At about the same time, IBM discovered a groundwater contamination problem near its manufacturing plant in New Jersey, according to George Pinder, a hydrogeologist at the University of Vermont who, at the time, was a professor at Princeton University.Pinder was hired by IBM in 1978 to assess groundwater pollution at all the company's manufacturing sites, including the Essex Junction plant.
"They were very aggressive," Pinder
said of IBM's
top executives."They had me looking at every site in the country."
In February, 1979, Pinder
the bad news about Essex Junction: the groundwater was contaminated, and not just a little bit.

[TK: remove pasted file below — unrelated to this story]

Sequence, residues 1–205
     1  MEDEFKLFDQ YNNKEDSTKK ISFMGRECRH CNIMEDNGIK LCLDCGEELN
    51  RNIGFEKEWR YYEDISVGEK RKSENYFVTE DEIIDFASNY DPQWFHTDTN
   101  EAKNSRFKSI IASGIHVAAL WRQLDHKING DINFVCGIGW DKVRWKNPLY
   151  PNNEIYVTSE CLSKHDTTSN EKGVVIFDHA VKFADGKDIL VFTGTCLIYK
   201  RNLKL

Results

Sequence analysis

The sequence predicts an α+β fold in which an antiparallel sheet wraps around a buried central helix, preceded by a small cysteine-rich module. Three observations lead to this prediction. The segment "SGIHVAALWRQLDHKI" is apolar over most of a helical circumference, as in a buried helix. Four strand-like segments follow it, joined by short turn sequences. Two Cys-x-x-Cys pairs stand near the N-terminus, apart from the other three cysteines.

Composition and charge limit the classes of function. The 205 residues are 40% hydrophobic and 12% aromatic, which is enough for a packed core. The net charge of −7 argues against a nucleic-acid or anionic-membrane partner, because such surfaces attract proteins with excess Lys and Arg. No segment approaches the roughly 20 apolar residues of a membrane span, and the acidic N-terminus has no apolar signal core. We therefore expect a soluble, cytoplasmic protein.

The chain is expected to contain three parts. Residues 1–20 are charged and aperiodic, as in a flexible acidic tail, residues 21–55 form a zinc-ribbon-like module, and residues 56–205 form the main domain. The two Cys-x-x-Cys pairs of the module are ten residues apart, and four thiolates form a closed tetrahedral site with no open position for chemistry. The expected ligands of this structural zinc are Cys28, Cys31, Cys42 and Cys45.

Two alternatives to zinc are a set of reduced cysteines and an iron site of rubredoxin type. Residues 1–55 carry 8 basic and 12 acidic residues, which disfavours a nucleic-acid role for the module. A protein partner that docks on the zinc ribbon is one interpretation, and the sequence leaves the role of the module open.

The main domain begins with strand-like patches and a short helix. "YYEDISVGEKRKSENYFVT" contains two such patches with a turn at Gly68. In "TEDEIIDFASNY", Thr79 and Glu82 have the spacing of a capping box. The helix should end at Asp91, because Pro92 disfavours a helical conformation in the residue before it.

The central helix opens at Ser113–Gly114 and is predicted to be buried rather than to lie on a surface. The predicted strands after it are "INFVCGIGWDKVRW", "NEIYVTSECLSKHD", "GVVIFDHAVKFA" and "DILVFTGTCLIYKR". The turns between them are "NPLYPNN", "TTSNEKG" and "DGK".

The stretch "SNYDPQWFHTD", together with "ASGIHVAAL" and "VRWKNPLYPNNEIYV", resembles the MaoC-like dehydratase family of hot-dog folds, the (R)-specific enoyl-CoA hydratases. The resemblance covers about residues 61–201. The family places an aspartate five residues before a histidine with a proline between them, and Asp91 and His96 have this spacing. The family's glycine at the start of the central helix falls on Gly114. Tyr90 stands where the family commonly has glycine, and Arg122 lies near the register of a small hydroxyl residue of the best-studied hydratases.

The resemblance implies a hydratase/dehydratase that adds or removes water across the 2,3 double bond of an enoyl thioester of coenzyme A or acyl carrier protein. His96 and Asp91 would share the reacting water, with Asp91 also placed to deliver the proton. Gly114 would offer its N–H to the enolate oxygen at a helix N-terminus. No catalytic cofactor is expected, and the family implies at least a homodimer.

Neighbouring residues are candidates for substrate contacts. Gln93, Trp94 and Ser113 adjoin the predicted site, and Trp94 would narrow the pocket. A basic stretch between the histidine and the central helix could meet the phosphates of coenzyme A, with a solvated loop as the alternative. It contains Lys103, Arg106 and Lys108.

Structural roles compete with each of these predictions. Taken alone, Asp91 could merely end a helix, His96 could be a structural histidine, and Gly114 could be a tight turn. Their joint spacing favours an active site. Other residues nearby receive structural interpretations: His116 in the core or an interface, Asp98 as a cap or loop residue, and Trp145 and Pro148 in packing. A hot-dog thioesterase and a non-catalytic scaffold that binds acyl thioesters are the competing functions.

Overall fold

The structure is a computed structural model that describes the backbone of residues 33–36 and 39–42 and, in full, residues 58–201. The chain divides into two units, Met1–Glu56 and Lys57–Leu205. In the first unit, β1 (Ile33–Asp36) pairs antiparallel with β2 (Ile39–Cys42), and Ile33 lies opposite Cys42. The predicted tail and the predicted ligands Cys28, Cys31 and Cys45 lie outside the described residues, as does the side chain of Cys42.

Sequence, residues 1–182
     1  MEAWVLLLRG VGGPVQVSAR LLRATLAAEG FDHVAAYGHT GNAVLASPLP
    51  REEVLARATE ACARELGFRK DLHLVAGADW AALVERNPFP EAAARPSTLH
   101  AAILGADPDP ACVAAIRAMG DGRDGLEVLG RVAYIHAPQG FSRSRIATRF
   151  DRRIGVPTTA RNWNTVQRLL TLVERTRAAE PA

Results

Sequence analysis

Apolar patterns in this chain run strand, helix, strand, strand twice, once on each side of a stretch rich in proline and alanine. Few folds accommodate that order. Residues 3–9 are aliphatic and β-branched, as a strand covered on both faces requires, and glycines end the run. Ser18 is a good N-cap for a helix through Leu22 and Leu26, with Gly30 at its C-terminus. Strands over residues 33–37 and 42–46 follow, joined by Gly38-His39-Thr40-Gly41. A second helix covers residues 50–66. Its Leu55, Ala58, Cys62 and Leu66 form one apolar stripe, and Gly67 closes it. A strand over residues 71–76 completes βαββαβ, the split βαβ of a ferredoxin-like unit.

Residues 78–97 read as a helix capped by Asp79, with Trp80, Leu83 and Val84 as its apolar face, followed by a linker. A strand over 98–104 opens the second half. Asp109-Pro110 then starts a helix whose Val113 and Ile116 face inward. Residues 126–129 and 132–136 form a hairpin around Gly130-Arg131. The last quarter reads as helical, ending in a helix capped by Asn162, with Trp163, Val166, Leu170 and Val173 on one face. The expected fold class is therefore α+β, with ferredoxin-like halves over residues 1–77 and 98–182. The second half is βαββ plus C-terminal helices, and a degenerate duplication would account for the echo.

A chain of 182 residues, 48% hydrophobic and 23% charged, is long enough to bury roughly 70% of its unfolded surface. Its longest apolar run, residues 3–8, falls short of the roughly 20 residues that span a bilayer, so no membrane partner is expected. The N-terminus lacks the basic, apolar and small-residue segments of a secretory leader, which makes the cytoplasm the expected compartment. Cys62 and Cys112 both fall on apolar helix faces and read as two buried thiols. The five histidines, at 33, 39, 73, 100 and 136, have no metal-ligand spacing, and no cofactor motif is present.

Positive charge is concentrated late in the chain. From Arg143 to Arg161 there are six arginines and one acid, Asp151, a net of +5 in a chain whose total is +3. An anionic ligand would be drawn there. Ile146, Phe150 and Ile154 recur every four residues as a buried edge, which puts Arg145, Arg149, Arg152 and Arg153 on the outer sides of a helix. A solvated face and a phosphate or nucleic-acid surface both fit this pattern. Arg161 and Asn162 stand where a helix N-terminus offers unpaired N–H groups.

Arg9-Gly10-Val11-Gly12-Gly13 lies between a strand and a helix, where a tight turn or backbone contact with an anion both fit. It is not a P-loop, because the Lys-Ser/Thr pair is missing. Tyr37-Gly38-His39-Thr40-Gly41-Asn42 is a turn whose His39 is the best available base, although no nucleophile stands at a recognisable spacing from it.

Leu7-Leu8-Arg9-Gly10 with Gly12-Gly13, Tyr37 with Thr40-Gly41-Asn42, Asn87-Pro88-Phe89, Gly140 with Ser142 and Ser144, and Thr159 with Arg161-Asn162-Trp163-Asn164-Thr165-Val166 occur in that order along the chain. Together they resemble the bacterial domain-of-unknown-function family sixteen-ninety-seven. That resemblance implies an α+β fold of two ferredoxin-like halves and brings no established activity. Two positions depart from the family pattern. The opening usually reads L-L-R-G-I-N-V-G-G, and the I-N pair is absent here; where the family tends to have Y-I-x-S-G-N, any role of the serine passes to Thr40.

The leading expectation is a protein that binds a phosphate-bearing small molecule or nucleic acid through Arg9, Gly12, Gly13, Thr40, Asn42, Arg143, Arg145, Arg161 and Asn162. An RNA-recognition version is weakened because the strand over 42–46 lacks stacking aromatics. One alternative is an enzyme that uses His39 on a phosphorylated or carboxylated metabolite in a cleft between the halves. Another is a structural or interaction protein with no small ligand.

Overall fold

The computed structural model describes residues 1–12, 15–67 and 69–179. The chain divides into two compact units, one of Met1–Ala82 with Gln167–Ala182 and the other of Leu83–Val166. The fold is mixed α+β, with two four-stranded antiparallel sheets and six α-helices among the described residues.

That's a view shared by Pinder
."It's a non-issue," he
says it's important to keep the contaminated site in perspective.Because of IBM's
efforts to pump water out of the ground, contamination has not reached the wells that ring the perimeter of the site.And because people in the immediate area have gotten their drinking water from the Champlain Water District since 1973, he
added, their wells aren't much of a concern.
"A little dry cleaner could pose more risk if it was close to someone's well or drinking water supply," Pinder